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Potential impact of prioritisation methods on the outcome of cumulative exposure assessments of pesticides

on the Wiley Online Library

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Disclaimer:The present document has been produced and adopted by the bodies identified above as authors. In accordance with Article 36 of Regulation (EC) No 178/2002, this task has been carried out exclusively by the authors in the context of a grant agreement between the European Food Safety Authority and the authors. The present document is published complying with the transparency principle to which the Authority is subject. It cannot be considered as an output adopted by the Authority. The European Food Safety Authority reserves its rights, view and position as regards the issues addressed and the conclusions reached in the present document, without prejudice to the rights of the authors.

Abstract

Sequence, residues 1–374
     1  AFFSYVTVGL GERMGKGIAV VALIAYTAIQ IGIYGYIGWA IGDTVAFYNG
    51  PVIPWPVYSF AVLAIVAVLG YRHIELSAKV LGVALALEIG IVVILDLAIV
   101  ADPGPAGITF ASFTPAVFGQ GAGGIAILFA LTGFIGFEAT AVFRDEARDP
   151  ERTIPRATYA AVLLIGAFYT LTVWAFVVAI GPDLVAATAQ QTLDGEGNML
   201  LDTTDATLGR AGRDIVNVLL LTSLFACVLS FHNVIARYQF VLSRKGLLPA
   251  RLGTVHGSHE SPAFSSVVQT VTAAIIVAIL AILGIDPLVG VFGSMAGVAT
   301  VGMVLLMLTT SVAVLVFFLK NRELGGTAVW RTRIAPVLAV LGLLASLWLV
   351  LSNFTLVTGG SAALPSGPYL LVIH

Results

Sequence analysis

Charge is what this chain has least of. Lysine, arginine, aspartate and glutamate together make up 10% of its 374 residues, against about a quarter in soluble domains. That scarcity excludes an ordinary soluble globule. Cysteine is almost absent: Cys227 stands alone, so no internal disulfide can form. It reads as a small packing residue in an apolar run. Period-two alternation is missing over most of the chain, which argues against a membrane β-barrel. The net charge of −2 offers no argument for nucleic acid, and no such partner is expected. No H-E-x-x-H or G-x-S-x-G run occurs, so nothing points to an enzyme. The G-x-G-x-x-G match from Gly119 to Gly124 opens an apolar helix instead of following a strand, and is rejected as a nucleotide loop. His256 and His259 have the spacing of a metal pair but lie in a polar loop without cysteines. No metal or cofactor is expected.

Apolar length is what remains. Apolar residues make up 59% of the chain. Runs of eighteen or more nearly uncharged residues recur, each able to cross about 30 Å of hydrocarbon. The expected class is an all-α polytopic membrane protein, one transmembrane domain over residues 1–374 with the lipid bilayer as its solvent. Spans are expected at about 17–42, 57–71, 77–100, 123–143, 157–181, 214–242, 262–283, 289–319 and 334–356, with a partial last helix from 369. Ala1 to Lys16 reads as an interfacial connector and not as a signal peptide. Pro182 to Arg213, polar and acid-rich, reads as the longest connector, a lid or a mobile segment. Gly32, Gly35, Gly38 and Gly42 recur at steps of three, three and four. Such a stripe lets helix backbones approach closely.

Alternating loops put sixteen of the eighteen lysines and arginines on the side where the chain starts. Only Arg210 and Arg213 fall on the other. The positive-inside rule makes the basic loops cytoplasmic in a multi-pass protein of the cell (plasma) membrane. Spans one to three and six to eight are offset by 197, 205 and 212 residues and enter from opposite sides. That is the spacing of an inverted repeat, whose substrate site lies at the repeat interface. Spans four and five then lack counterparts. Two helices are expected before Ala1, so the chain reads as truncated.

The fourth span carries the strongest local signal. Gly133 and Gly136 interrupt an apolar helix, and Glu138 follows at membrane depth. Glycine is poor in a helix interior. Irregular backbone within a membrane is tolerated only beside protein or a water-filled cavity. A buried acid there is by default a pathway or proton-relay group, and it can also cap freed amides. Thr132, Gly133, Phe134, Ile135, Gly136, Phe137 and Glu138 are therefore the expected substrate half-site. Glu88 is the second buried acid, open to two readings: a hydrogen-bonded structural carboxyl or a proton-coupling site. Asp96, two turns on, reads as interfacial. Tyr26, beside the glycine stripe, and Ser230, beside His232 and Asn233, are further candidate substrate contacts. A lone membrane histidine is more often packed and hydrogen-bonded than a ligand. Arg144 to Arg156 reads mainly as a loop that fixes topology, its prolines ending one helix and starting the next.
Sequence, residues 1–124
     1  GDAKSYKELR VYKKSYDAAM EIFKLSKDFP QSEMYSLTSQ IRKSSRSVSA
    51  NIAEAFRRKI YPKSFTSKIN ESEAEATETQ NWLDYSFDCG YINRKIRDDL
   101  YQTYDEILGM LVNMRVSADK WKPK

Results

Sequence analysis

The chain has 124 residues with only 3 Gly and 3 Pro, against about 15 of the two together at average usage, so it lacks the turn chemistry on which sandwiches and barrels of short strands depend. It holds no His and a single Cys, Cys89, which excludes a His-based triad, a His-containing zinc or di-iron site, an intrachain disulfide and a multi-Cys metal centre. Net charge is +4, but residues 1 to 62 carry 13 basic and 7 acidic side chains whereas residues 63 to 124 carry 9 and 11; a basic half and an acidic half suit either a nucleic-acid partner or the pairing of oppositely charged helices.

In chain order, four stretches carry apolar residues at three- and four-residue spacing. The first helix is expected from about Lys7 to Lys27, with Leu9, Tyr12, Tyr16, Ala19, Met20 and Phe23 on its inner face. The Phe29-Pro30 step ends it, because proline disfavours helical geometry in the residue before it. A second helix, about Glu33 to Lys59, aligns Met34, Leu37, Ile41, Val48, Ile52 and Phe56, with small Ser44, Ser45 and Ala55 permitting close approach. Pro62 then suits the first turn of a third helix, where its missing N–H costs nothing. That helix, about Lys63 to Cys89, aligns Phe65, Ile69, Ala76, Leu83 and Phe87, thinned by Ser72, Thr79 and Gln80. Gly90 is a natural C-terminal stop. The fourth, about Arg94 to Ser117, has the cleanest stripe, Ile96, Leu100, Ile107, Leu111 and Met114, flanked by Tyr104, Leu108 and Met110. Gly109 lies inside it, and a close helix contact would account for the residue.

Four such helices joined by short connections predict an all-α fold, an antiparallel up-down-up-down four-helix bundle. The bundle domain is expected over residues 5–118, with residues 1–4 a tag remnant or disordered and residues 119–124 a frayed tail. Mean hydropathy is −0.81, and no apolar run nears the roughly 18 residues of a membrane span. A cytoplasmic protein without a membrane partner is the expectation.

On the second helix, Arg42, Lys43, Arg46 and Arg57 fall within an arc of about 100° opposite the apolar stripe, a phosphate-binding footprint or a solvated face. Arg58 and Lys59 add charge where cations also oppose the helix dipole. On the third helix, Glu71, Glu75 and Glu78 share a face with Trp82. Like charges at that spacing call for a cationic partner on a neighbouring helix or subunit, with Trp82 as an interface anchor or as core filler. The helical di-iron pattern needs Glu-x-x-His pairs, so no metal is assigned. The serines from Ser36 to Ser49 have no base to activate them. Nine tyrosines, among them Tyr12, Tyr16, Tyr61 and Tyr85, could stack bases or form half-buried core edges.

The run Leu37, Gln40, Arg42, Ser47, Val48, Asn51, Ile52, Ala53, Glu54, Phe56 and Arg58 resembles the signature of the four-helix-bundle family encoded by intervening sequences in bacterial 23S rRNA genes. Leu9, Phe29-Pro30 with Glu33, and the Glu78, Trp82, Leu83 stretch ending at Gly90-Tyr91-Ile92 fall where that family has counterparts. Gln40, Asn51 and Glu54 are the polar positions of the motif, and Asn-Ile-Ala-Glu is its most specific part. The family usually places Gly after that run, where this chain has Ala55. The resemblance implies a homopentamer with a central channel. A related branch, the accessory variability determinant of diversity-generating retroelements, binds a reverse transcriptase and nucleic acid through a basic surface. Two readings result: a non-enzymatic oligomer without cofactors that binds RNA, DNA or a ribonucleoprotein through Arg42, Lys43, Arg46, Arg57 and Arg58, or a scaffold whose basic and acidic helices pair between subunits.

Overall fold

This report describes the potential impact of a prioritisation method on the outcome of cumulative exposure assessments of pesticides. The method aims to reduce the laborious task of the establishment of cumulative assessment groups (CRAs). The prioritisation method consisted of two steps: 1) identification of low‐priority substances and 2) identification of priority organs. The first step aimed to identify low‐priority substances based on hazard quotient (HQ) thresholds for single substances relevant for acute effects on the nervous system or chronic effects on the thyroid. For this, probabilistic calculations of chronic and acute HQs were performed for 210 substancesand 10 surveys. Priority pesticides were retained according to four different thresholds, namely an HQ larger than0.1 at the 99th percentile of exposure, or an HQ larger than 0.01, 0.1 or 0.2 at the 99.9th percentile of exposure. In the second step, AGs for the nervous system and the thyroid were compiled and risk metrics obtained for those organs was compared with the risk of higher tier AGs at the specific effect. It was concluded that risk assessment of AGs at the target organ level using critical effects (i.e. using the health‐based guidance value of substances) is feasible. The prioritisation thresholds were applied for AGs at the target organ level and for AGs at the specific effect level. The prioritisation threshold of having an HQ larger than 0.1 at 99.9th percentile to retain substances could be used for those AGs. It reduced the number of substances in the AG nervous system to 50% and the number of substances in the AG thyroid to 70% without having a substantialimpact on the total margin of exposure. In conclusion, the prioritisation method could be used to simplify CRA and may contribute to a cost‐effective approach whilst still providing a high level of protection.

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